“I have faith and a keen respect and appreciate the way he leads,” Rep. Greg Landsman, an Ohio Democrat, said of Jeffries. “It’s different. Everyone has their style and he’s a thoughtful, deliberative, but determined leader.”

Schumer has responded to almost every question about Biden with some variation of “I’m with Joe,” while taking calls from members on his signature flip phone and moderating discussions in caucus meetings. On Wednesday night his office issued a relatively similar statement in response to an Axios report that he was open to a new ticket in conversations with donors. Schumer responded that “I support President Biden and remain committed to ensuring Donald Trump is defeated in November,” which was notably not a denial.

“I don’t think anybody is pushing anybody,” Sen. Joe Manchin of West Virginia, an independent who caucuses with the Democrats, told Semafor. “I haven’t heard of anyone being pushed at all.”

Schumer’s terse responses aren’t without a purpose: The goal is to drive as little news as possible while his caucus, which has so far proven even more resistant to Biden than their counterparts in the House, slowly works out its position.

“I really do admire Senator Schumer’s message discipline here,” said Jim Manley, a former senior aide to Senate Majority Leader Harry Reid. “But anytime you are sticking to three-word answers for days or weeks you got a problem.”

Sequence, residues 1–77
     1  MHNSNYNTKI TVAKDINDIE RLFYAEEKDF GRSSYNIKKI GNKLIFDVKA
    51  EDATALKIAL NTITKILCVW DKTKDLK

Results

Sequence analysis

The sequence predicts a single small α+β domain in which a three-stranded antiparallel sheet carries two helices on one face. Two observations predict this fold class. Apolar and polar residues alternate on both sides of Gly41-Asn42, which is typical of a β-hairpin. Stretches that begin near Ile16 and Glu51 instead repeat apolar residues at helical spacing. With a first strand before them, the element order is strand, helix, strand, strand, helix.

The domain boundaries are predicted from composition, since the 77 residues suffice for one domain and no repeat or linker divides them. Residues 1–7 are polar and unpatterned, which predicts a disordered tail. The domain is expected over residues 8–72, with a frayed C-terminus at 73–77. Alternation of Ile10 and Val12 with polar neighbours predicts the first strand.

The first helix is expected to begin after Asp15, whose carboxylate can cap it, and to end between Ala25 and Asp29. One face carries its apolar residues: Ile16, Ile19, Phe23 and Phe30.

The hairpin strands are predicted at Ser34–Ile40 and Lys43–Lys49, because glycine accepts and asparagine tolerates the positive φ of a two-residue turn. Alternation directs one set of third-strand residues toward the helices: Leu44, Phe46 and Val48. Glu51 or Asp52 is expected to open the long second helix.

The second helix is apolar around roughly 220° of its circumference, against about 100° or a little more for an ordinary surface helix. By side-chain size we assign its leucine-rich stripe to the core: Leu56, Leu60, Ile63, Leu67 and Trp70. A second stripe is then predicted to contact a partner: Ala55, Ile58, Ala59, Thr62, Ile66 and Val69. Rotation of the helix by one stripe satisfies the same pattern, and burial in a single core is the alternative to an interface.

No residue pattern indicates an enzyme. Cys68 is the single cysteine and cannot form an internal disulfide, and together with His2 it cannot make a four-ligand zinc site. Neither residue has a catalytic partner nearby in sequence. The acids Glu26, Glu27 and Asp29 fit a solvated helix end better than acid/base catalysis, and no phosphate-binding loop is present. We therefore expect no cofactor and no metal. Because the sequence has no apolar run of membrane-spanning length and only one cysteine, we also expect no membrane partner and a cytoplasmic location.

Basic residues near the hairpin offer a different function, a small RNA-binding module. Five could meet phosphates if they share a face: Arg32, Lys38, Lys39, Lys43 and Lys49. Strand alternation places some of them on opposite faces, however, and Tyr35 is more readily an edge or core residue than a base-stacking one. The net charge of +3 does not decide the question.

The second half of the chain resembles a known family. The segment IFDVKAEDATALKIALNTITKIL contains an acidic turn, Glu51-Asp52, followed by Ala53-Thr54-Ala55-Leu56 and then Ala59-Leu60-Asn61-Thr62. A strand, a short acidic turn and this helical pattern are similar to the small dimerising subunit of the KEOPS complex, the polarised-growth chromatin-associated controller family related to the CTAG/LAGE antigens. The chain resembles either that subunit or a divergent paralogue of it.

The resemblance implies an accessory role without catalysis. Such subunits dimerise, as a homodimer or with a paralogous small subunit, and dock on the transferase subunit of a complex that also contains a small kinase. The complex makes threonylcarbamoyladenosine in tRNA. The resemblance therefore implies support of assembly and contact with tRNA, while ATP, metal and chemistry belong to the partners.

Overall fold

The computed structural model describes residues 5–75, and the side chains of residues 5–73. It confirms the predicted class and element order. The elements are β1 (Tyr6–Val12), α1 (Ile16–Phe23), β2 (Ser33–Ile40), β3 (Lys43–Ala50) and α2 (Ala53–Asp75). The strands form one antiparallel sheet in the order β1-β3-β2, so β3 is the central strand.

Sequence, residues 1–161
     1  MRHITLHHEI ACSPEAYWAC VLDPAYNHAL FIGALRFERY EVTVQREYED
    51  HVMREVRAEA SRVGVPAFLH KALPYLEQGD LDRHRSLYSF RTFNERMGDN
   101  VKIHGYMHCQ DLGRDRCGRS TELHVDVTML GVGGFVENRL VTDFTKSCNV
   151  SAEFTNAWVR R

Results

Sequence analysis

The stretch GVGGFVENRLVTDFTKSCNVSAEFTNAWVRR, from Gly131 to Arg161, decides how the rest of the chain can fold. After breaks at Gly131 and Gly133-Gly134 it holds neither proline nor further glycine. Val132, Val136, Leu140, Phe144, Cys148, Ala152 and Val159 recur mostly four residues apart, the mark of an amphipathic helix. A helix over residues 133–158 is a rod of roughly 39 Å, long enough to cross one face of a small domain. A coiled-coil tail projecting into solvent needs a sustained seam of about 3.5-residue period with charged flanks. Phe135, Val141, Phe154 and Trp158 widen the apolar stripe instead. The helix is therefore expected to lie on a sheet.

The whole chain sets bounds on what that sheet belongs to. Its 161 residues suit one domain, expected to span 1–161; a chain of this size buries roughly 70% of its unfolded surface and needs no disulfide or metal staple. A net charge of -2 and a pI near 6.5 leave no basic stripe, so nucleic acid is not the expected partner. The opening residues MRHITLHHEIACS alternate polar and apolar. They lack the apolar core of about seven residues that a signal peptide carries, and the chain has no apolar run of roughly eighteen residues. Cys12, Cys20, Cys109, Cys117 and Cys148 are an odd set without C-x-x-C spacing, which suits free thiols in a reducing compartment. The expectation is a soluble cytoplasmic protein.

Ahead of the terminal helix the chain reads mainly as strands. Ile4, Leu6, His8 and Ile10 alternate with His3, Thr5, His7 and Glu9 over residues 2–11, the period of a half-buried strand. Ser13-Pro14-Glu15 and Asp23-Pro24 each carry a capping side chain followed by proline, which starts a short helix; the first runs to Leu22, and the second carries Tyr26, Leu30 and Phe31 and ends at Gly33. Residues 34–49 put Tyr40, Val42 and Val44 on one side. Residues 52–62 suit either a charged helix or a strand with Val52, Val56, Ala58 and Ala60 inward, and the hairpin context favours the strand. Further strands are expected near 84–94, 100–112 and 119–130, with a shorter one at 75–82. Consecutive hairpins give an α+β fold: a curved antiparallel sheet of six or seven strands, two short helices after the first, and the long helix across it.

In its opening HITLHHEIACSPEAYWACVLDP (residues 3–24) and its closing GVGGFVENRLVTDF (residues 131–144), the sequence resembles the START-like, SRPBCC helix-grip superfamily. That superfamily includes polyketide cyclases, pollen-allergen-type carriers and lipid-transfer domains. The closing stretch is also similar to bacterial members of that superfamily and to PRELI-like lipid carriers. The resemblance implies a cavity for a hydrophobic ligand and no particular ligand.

Despite a defiant letter to Congress from Biden on Monday that sought to shut down talk of a new nominee, the Biden campaign doesn’t appear to have a highly visible campaign to whip members in line either. Senior Biden aides who meeting with senators on Thursday to address concerns are coming at the request of Schumer.

The overall picture: A vacuum that the likes of Pelosi, Welch, and even George Clooney have filled, with little sign of retaliation from anyone in power.

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Room for Disagreement

Biden’s not without enthusiastic supporters and the list of open calls for him to end his campaign are still a small minority. Sens. John Fetterman and Chris Coons have been steadfast defenders. Sen. Bernie Sanders, despite being Biden’s top 2020 rival, has also praised his record and said he can win. And in the House, Biden’s still counting on support from leaders of the Congressional Black Caucus and Hispanic Caucus to carry the day. The AFL-CIO also reaffirmed its support for Biden on Wednesday.

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The View From A Republican

They have very little role in what’s going on, but are taking note of the other party devolving into finger-pointing and acrimony over a president for a change. “We’re seeing an odd, very odd circumstance,” Wyoming Sen. Cynthia Lummis said at a Semafor event on Wednesday. “We’re seeing my party very united, and we’re seeing the Democrats kind of struggling to find a sure path forward.”

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Notable

  • Politico’s Jonathan Martin reports that Biden’s aides are telephoning convention delegates in order to make sure there’s not a floor fight over his nomination brewing.